Boost for AI South Korea announced on 17 March that it would invest 1 trillion won (US$863 million) in artificial-intelligence (AI) research over 5 years. The announcement came two days after Google DeepMind’s Go program AlphaGo beat grandmaster Lee Sedol 4–1 in an exhibition match, a feat that prompted a spate of newspaper headlines concerned that South Korea was falling behind in a crucial growth industry. It is not immediately clear whether the cash represents new funding or is money that had been previously allocated to AI efforts. The investment includes a high-profile, public–private research centre near Seoul. See go.nature.com/h3erre for more. Satellite tracks sea-surface levels Jason-3, a joint US–European satellite mission to monitor sea-level rise, has produced its first complete global map of sea-surface height anomalies. The image, released on 16 March, draws on ten days of data collected by the probe after it reached its intended orbit following its 17 January launch. NASA and its European partners — the French space agency CNES and the meteorological agency EUMETSAT — plan a three-year mission for Jason-3. The data that the probe collects could help to improve weather and climate forecasts globally. Particle promise Hints of a mysterious particle at the Large Hadron Collider (LHC) near Geneva, Switzerland, just got a little stronger. In December, physicists announced that they had seen an excess of pairs of γ-ray photons — possibly a sign of a particle not predicted by the standard model of physics. The data came from ATLAS and CMS, the two largest detectors at the LHC. A fresh analysis reported on 17 March at a conference in La Thuile, Italy, slightly increases the statistical significance of the signal seen by the CMS experiment. See go.nature.com/pbxwl2 for more. Virus control Mosquitoes carrying a gene that kills their offspring should be released in small pilot studies during the current Zika outbreak, the World Health Organization (WHO) Vector Control Advisory Group said on 18 March. The group also endorsed field tests of mosquitoes carrying bacteria that reduce the insects’ ability to transmit Zika, dengue and other viruses. Studies show that these interventions can reduce populations of Aedes aegypti mosquitoes, but they have not established whether such interventions can minimize disease burden in humans — a crucial gap that pilot studies could fill, the group said. Offshore plans The US Department of the Interior announced on 15 March that it will not pursue offshore oil and gas development along the US Atlantic coast. The decision, released as part of the offshore-leasing programme for 2017–22, reverses an earlier proposal to sell leases along the central and southern Atlantic coast, from Virginia to Georgia. The proposed plan would move forward with leasing in the Gulf of Mexico and off the Alaskan coast. Ebola flare-up ends Sierra Leone is clear from Ebola after a recent flare-up, the World Health Organization (WHO) announced on 17 March. The date marked 42 days since the last person confirmed to have Ebola virus disease in Sierra Leone tested negative for a second time. The WHO classes this window — twice the incubation period of the virus — as the time needed to declare an outbreak over. On the same day, the WHO confirmed two new cases of Ebola in a rural village in Guinea, which had been declared free of Ebola in December. Coral concerns Faced with ongoing damage to its corals, the Great Barrier Reef Marine Park Authority raised its response status to level three — the highest possible, meaning ‘severe regional bleaching’ — on 20 March. The decision was made despite heavy rains, which have lowered the high water temperatures that have been killing corals along parts of Australia’s northeast coast. According to the authority, divers have found up to 50% coral mortality near the tip of Cape York, but most surveyed sections of the park are in a better state. This regional damage is part of a global coral-bleaching event linked to warmer-than-average waters (see Nature http://doi.org/bdmn; 2015). Turkey arrests Three Turkish academics in Istanbul were taken in for questioning on 14 March and have now been formally arrested and held without bail. They are under suspicion of ‘making terrorist propaganda’, after signing a petition in January calling for an end to violence between government forces and Kurdish separatists in Turkey’s southeast. Those held (pictured, from left) are psychologist Esra Mungan from Boğaziçi University, political scientist Muzaffer Kaya from Nişantaşı University and mathematician Kıvanç Ersoy from Mimar Sinan University. Four days earlier, the three had held a press conference affirming their commitment to the ‘academics for peace’ petition. See go.nature.com/m7uacx for more. Cancer moonshot Cancer survivor Gregory Simon was named executive director of the US Cancer Moonshot Task Force on 18 March. Simon was founding president of FasterCures, a non-profit organization in Washington DC dedicated to speeding the development of new medicines, and has worked in government and the pharmaceutical industry. He most recently helmed a health-care investment company. The moonshot project, driven by US vice-president Joe Biden, aims to double the pace of cancer research. President Barack Obama has asked Congress for US$755 million to fund the endeavour in 2017. China hunts waves China’s plans to detect gravitational waves took a step forward on 20 March, as construction began on the TianQin project at Sun Yat-sen University in Zhuhai. A research building, observation station and ultra-quiet cave laboratory will be built ahead of the launch of three Earth-orbiting satellites. Gravitational waves should be revealed as disturbances in laser beams bounced between the spacecraft. China also has another space-based gravitational-wave detector in the works: the Taiji project from the Chinese Academy of Sciences will involve a trio of Sun-orbiting satellites. See go.nature.com/rral31 for more on China’s plans. Nobel Prize home A Nobel Center will be built on the Blasieholmen peninsula in Stockholm’s central waterfront by 2019. The City Planning Committee approved detailed plans for the site on 16 March. At a cost of 1.2 billion Swedish kronor (US$146 million), the building will house the Nobel Museum and future prize ceremonies. The centre will be open to visitors and scientists, incorporating research projects, educational efforts, conferences and a library. But its large size and location has attracted criticism, drawing concerns that it will ruin Stockholm’s skyline. Boaty McBoatface The British public has flocked to a competition to name a new UK polar research vessel, which is under development and set to be finished in 2019. The Natural Environment Research Council (NERC) allowed people to submit and vote on names for the £200-million (US$289-million) ship, but its website crashed repeatedly after the poll was launched on 17 March. As Nature went to press, the proposed name RRS (Royal Research Ship) Boaty McBoatface was the most popular suggestion, with thousands of votes more than the second choice, RRS Henry Worsley. The final name will be chosen by NERC. Around one-fifth of physicists from sexual and genderminorities (LGBT) surveyed by the American Physical Society (APS) said that they had been ignored, intimidated or harassed at work (see go.nature.com/4zobly). Transgender respondents were the most affected: almost half had experienced exclusionary or harassing treatment in the previous year. And more than three times as many women as men had experienced such behaviour. See go.nature.com/hitnez for more. 28–29 March The US National Institutes of Health holds a special meeting to discuss the spread of Zika virus in the Americas, and ways to contain it. go.nature.com/vov9qk 29–31 March The University of Central Lancashire in Preston, UK, hosts a meeting of academics and industrialists to discuss applications of nanotechnology. go.nature.com/ipysuj 30 March–22 April NORDITA, the Nordic Institute for Theoretical Physics, hosts a meeting in Stockholm on advances in string theory and gauge theory. go.nature.com/9omyzv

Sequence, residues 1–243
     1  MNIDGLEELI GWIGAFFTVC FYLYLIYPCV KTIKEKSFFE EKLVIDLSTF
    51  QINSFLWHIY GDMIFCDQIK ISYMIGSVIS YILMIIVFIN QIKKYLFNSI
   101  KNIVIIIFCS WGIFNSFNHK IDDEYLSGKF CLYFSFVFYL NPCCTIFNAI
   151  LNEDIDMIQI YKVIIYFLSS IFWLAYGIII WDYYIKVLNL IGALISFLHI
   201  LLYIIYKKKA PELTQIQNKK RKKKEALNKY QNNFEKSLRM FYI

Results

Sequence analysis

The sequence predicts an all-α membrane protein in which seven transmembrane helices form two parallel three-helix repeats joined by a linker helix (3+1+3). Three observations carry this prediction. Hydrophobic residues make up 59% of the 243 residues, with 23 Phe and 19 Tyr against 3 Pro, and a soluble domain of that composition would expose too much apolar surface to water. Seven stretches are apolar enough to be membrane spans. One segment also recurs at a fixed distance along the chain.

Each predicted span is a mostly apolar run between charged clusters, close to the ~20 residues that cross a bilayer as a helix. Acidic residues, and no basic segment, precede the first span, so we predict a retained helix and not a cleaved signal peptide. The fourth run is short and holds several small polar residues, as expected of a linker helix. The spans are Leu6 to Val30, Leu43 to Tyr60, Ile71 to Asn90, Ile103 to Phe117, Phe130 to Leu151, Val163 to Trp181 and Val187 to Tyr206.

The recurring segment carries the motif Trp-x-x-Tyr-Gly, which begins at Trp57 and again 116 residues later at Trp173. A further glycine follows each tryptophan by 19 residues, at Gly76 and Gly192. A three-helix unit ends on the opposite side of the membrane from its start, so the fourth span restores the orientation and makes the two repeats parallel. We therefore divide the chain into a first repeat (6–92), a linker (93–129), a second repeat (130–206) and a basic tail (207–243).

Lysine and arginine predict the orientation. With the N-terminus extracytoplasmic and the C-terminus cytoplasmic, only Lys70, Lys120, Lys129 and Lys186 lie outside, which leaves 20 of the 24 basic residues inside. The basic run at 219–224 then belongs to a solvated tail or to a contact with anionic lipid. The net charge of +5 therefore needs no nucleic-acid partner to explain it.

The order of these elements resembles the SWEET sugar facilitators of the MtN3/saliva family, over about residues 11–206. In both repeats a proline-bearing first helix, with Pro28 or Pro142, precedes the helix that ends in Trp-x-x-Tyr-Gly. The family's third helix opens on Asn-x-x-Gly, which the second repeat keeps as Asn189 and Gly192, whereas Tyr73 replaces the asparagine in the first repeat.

Calmet X.,University of Sussex |